The sinuosities of the coast line, alternately gully and headland, had the effect of making a devious progress for the travelers, and at sunset, although they had accomplished more than twenty miles, they had only just arrived at the foot of the Merdeyah Mountains, which, before the cataclysm, had formed the extremity of the chain of the Little Atlas. The ridge, however, had been violently ruptured, and now rose perpendicularly from the water.
On the following morning Servadac and Ben Zoof traversed one of the mountain gorges; and next, in order to make a more thorough acquaintance with the limits and condition of the section of Algerian territory of which they seemed to be left as the sole occupants, they dismounted, and proceeded on foot to the summit of one of the highest peaks. From this elevation they ascertained that from the base of the Merdeyah to the Mediterranean, a distance of about eighteen miles, a new coast line had come into existence; no land was visible in any direction; no isthmus existed to form a connecting link with the territory of Tenes, which had entirely disappeared. The result was that Captain Servadac was driven to the irresistible conclusion that the tract of land which he had been surveying was not, as he had at first imagined, a peninsula; it was actually an island.
Strictly generally speaking, this island was quadrilateral, but the sides were so irregular that it was much more nearly a triangle, the comparison of the sides exhibiting these proportions: The section of the right bank of the Shelif, seventy-two miles; the southern boundary from the Shelif to the chain of the Little Atlas, twenty-one miles; from the Little Atlas to the Mediterranean, eighteen miles; and sixty miles of the shore of the Mediterranean itself, making in all an entire circumference of about 171 miles.
"What does it all mean?" exclaimed the captain, every hour growing more and more bewildered.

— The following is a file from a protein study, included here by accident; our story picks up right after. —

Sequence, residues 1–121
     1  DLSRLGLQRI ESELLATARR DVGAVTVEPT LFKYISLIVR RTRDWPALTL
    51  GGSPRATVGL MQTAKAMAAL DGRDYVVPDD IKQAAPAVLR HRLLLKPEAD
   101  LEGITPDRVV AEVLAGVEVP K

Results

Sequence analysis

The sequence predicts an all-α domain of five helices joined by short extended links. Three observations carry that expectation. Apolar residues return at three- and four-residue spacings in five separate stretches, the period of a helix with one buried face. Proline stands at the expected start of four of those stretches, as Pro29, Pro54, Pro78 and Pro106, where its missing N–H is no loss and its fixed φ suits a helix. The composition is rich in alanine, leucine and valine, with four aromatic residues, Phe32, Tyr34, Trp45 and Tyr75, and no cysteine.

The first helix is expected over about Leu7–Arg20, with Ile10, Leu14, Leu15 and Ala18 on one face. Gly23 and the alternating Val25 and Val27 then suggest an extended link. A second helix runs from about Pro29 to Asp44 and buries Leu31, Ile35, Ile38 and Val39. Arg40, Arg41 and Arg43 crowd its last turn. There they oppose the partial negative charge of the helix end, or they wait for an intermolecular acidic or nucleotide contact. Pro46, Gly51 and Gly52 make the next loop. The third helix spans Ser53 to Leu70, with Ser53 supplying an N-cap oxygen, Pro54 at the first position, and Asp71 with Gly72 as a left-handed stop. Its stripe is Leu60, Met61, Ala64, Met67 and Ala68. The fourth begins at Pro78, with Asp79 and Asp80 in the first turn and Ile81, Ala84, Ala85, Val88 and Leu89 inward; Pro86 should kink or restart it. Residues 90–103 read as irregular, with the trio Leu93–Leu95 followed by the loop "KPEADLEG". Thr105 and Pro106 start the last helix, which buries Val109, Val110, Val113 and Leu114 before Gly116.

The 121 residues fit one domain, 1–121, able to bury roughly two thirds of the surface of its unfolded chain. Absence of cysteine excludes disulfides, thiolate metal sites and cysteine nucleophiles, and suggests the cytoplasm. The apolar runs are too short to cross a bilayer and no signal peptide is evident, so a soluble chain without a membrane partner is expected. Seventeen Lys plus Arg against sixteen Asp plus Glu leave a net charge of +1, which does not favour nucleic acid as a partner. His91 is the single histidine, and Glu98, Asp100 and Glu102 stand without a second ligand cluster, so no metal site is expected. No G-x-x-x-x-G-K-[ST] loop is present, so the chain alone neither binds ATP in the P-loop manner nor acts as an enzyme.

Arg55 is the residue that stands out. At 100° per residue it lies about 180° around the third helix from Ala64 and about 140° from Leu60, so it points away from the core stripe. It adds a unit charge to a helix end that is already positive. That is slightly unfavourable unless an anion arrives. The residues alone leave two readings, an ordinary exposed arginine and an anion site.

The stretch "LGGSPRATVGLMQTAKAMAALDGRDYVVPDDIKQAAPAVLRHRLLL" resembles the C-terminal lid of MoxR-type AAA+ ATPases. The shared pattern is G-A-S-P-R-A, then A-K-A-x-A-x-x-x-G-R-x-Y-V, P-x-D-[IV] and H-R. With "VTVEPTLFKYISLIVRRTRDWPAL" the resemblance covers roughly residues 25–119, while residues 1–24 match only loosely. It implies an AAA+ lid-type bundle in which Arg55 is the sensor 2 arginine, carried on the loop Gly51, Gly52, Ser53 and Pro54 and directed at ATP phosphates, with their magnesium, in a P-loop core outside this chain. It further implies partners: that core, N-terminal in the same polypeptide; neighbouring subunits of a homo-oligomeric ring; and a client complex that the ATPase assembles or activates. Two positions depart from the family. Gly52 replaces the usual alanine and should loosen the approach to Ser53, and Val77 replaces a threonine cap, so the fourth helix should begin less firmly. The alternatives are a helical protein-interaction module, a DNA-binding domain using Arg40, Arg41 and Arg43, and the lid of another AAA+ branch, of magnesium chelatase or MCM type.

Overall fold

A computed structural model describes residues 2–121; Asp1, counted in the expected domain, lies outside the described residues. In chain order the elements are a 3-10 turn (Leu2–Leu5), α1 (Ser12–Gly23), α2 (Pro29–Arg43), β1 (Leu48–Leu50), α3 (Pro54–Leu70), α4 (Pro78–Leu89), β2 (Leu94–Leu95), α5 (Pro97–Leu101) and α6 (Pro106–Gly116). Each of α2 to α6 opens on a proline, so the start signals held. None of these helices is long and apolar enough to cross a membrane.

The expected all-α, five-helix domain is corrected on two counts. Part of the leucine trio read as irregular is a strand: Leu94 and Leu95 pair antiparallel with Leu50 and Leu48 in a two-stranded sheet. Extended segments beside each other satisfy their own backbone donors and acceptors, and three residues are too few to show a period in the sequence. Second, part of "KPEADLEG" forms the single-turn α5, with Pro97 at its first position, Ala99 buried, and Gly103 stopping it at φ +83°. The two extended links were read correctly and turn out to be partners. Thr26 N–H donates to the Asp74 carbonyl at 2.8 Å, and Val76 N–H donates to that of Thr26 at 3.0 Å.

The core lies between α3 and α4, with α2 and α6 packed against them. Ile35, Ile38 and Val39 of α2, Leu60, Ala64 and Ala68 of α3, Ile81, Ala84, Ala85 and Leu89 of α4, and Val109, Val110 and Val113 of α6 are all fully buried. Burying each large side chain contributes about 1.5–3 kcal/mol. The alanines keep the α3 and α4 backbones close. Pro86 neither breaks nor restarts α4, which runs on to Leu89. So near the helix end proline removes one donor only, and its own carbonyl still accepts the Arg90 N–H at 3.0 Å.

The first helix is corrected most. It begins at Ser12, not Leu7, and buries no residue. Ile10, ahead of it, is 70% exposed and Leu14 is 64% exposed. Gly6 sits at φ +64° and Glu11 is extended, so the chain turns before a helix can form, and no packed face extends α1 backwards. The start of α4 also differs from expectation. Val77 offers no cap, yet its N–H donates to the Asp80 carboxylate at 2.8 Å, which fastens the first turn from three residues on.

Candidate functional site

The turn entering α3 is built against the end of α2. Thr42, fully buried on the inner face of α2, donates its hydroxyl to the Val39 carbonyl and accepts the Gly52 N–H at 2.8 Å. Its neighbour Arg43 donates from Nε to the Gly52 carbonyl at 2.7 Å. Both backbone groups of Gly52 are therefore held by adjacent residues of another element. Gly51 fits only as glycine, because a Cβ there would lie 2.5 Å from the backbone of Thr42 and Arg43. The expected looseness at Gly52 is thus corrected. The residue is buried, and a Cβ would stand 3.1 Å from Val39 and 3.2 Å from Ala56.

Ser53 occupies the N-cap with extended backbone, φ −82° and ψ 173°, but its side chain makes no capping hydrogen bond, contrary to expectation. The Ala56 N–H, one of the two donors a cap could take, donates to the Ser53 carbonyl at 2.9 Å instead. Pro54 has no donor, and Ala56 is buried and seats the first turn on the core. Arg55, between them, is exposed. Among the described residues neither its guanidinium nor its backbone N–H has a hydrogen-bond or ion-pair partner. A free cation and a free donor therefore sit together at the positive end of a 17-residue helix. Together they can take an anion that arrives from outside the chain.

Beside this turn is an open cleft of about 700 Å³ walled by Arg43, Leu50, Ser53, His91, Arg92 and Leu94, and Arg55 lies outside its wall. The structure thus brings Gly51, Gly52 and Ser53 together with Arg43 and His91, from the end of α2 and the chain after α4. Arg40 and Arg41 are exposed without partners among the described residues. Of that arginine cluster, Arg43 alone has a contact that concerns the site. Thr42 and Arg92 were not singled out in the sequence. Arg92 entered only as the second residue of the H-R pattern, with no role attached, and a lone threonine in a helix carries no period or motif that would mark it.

"The will of providence, and we must submit," replied Ben Zoof, calm and undisturbed. With this reflection, the two men silently descended the mountain and remounted their horses. Before evening they had reached the Mediterranean. On their road they failed to discern a vestige of the little town of Montenotte; like Tenes, of which not so much as a ruined cottage was visible on the horizon, it seemed to be annihilated.
On the following day, the 6th of January, the two men made a forced march along the coast of the Mediterranean, which they found less altered than the captain had at first supposed; but four villages had entirely disappeared, and the headlands, unable to resist the shock of the convulsion, had been detached from the mainland.
The circuit of the island had been now completed, and the explorers, after a period of sixty hours, found themselves once more beside the ruins of their gourbi. Five days, or what, according to the established order of things, would have been two days and a half, had been occupied in tracing the boundaries of their new domain; and they had ascertained beyond a doubt that they were the sole human inhabitants left upon the island.
"Well, sir, here you are. Governor General of Algeria!" exclaimed Ben Zoof, as they reached the gourbi.
"With not a soul to govern," gloomily rejoined the captain.
"How so? Do you not reckon me?"
"Pshaw! Ben Zoof, what are you?"
"What am I? Why, I am the population."